Near Miss Program
An employee is walking down a hallway, carrying a cup of coffee. While turning a sharp corner, they nearly collide with another employee, spilling coffee on the floor. Stepping into their office, the employee stumbles over an extension cord run across the doorway to power a printer, which pulls it to the floor.
No one is hurt in this scenario. However, the employees in it experience multiple near-miss situations – any one of which could have led to a serious injury.
It is important to have employees know how to identify these incidents as potential injury situations, called near misses. Besides identifying them, it is equally important to report them, so hazards and risks can be mitigated before they lead to a serious incident.
Workers should be trained on how to properly identify and recognize potential hazards. To help make it easy for employees to submit near misses and ensure good data, consider allowing them to turn in near-miss reports anonymously.
Collecting near-miss reports helps create a workplace safety culture that seeks to identify and control hazards, which will reduce risks and the potential for injury, according to OSHA. A well-run program goes beyond the collection of reports, it treats every near miss as important as an accident and investigates them. Conducting a root cause of a near miss can lead to a corrective action, before an injury occurs.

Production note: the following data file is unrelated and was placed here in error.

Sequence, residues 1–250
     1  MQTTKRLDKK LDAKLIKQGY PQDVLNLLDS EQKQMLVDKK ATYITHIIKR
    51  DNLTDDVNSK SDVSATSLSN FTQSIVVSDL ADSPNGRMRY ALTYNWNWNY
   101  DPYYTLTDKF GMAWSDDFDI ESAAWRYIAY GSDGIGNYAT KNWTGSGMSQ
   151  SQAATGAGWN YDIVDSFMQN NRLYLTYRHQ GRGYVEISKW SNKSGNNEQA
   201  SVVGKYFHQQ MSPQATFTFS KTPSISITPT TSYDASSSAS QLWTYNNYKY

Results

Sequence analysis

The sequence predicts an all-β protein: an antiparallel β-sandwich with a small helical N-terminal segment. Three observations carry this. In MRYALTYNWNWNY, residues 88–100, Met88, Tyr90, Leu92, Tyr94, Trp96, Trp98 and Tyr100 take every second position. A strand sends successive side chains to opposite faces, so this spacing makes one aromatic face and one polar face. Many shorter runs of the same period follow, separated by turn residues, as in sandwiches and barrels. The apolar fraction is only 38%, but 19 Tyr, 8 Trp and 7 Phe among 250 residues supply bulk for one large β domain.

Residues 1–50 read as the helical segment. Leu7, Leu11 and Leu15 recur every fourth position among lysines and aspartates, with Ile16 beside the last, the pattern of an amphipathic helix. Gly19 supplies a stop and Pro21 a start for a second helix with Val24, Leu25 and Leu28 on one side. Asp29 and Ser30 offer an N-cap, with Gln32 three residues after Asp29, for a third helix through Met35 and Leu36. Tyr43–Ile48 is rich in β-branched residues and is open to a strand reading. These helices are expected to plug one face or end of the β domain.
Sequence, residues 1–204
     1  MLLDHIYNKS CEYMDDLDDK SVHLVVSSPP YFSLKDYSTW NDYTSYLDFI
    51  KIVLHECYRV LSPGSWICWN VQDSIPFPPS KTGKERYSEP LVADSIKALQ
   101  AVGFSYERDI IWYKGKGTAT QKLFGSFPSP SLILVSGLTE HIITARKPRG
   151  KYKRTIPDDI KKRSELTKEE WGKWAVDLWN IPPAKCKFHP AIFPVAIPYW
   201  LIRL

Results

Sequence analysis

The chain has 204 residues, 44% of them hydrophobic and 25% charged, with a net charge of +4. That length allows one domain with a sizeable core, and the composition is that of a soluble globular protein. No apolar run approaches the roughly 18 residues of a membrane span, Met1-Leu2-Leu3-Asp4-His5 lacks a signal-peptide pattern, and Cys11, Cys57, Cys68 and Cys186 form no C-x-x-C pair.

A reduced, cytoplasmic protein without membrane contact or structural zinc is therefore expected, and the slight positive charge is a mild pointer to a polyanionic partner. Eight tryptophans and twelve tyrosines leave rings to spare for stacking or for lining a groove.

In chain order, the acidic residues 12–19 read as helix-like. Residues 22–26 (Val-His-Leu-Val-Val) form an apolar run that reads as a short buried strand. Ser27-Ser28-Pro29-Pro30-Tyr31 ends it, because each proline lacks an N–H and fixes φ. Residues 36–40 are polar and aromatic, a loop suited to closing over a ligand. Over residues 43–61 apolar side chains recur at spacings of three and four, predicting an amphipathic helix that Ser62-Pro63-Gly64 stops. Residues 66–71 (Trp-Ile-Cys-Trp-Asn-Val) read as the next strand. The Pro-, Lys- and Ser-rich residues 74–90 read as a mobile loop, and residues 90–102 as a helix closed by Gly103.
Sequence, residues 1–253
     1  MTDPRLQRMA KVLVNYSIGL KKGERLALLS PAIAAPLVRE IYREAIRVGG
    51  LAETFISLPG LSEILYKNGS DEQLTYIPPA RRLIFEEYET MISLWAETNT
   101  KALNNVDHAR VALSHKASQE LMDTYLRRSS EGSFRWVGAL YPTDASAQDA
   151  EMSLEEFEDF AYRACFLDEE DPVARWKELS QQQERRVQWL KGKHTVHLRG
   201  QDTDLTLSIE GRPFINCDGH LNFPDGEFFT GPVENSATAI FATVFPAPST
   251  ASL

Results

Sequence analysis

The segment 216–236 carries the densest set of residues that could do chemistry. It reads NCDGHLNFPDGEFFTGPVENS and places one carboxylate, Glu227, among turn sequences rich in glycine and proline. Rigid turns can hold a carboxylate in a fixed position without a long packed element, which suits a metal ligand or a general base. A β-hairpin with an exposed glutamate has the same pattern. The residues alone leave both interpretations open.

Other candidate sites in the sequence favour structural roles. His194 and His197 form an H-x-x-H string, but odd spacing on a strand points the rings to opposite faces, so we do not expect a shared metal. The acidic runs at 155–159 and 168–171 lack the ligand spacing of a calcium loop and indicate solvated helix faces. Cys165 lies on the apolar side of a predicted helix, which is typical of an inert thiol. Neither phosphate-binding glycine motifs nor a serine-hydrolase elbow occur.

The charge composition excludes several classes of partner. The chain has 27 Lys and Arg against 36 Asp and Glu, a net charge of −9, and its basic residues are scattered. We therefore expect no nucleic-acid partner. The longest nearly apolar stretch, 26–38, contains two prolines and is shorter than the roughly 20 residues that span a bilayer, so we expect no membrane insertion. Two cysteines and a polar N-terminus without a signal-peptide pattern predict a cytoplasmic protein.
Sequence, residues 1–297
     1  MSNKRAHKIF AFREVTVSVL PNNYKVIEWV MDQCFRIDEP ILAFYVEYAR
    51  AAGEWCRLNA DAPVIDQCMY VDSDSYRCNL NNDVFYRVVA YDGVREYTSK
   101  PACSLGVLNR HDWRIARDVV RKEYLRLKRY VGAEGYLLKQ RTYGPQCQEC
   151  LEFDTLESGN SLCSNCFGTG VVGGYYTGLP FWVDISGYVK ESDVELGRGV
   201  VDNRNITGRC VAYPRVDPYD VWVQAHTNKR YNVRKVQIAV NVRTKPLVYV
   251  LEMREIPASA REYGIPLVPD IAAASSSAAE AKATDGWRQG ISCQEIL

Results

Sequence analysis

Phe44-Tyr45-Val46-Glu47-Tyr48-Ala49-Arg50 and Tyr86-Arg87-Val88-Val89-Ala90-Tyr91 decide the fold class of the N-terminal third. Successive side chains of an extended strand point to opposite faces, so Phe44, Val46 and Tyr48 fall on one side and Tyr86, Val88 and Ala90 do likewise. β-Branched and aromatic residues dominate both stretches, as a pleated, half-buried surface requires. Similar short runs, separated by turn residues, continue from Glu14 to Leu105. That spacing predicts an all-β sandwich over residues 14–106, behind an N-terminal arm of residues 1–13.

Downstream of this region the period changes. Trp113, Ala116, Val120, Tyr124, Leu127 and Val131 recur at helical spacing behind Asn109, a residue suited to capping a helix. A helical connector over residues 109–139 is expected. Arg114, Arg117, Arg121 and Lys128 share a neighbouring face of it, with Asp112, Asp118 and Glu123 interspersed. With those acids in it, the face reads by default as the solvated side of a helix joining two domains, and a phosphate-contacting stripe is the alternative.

Need to learn more about how to conduct root cause analysis?
Check out my book here, and also check out my posts about root cause analysis.
Reporting near misses and conducting a root cause of them, is only valuable if you complete the final step and correct the issues, otherwise the hazards remain a risk to employees.
Consider using an Action Plan tracking sheet, like this one to ensure identified issues are corrected.
A well laid out near miss program that involves properly trained employees, will decrease total workplace accidents over time. Don’t expect it to happen tomorrow, it can take 1-2yrs to see the changes. Don’t allow the program to slip in that time, because it requires long commitment to the program to reap the rewards.
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Additional Near Miss Program resources
Near Miss Reporting FormNear Miss Reporting Form